• Determining the economic value of pharmacist services: A study of the reliability and validity of contingent valuation methods

      Metge, Colleen Jane; Provenzano, George, Ph.D. (1996)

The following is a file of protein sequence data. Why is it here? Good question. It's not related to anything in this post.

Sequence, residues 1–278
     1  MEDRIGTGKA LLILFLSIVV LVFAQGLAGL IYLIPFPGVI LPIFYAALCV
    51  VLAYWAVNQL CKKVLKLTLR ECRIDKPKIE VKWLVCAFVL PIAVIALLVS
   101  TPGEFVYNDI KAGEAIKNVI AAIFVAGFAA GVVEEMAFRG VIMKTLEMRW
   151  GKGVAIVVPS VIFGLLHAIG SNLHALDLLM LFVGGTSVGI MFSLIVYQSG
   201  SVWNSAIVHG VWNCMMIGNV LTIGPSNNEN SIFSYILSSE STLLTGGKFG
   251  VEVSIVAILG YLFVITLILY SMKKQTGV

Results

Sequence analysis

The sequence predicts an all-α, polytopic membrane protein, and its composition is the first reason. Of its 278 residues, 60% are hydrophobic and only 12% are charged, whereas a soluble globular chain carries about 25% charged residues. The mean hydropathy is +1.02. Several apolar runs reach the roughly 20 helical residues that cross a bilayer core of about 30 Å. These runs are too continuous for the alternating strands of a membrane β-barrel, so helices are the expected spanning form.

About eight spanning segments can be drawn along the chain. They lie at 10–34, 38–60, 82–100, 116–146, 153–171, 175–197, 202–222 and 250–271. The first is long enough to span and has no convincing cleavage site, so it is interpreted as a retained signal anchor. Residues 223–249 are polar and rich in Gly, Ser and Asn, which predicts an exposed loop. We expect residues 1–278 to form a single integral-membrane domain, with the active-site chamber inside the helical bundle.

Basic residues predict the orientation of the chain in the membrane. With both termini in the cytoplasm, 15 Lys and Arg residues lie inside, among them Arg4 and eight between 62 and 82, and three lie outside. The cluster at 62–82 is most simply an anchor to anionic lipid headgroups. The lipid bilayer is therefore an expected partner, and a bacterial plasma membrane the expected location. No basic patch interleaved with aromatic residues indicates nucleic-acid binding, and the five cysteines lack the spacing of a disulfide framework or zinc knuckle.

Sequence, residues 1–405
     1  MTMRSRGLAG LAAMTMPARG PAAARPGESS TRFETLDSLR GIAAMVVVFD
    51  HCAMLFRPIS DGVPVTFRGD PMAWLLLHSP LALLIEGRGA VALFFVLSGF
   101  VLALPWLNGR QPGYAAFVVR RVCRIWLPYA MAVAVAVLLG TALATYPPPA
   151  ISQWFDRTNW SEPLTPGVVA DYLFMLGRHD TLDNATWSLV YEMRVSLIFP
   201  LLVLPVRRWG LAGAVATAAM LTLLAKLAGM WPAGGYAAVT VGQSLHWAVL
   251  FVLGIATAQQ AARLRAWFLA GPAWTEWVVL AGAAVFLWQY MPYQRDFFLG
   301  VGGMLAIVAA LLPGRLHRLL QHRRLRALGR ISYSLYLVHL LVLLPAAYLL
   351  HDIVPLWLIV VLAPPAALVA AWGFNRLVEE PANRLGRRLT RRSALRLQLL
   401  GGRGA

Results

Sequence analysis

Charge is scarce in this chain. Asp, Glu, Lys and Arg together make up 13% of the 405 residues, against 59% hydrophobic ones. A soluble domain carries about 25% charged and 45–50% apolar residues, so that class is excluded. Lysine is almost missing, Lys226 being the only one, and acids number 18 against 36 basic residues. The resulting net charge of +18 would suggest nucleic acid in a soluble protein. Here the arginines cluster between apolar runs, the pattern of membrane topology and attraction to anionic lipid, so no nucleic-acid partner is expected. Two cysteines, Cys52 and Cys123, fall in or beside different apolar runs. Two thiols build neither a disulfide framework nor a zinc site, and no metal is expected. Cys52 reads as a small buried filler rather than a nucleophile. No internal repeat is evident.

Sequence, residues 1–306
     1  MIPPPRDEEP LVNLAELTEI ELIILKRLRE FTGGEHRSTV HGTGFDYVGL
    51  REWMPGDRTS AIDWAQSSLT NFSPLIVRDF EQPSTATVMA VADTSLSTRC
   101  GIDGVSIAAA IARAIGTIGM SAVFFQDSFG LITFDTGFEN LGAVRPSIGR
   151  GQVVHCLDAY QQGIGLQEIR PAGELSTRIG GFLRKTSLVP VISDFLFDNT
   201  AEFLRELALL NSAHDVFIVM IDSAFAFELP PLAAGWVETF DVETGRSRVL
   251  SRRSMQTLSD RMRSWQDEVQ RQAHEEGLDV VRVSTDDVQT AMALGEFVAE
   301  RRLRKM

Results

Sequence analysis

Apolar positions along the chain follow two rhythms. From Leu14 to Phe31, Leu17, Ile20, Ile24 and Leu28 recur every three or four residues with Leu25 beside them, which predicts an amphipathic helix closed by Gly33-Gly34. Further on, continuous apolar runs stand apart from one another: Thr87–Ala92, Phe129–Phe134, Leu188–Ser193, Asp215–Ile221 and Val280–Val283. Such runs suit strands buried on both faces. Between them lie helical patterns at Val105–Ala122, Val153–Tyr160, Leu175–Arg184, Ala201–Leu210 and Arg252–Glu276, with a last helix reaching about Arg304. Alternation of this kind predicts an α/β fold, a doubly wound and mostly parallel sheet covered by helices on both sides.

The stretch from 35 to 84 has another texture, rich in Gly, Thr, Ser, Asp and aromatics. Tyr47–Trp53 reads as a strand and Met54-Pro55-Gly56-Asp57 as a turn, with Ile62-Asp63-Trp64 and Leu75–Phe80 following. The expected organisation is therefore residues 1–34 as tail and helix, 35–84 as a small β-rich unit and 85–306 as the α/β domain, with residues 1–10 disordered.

The intent of this study is to understand the extent to which consumers' are willing to pay to have access to community-based pharmacist services. These services are distinct from the physical skills of dispensing a pharmaceutical product. The contingent valuation method was used to determine consumers' willingness-to-pay (WTP) for these services. Contingent valuation is a survey method that asks individuals to express their WTP for a good or service currently not available and/or not priced in well-functioning markets. A convenience sample of 348 adult, working individuals from four locations around Baltimore city were asked their WTP for five individual pharmacist services and then for a package of all services in hypothetical market scenarios. Consumers were asked their WTP via three payment mechanisms: an out-of-pocket payment, a monthly insurance premium and an annual membership fee payable to a pharmacy of their choice. The survey was administered using a self-administered, computerized interview to obtain WTP bids in dollar terms for community-based pharmacist services. All WTP values for pharmacist services are significantly greater than zero. A two-part estimation model that corrects for the biased estimates of zero dollar bidders, was used to separate WTP bidding behavior into two stages. The first stage separates individuals by their decision to bid for pharmacist services and then a decision about how much to bid conditional on bidding in the first place. The probability of bidding ranged from 0.595 for advice on nonprescription medication to 0.837 for the pharmacists attention to safety when dispensing a prescription medication. Respondents were WTP most to have the pharmacist review the appropriateness of all their medication ($4.76, SD 5.90) and to have all pharmacist services available based on an annual fee ($89.14, SD 161.37). Individuals are more likely to bid if they are non-white and have a positive attitude towards paying and are less likely to bid if they have an income exceeding $50,000/year. Non-whites are WTP significantly more than whites. Tests of starting point bias and the effect of information on WTP bids were not significant. The WTP bids obtained for community-based pharmacist services are subject to rational interpretation.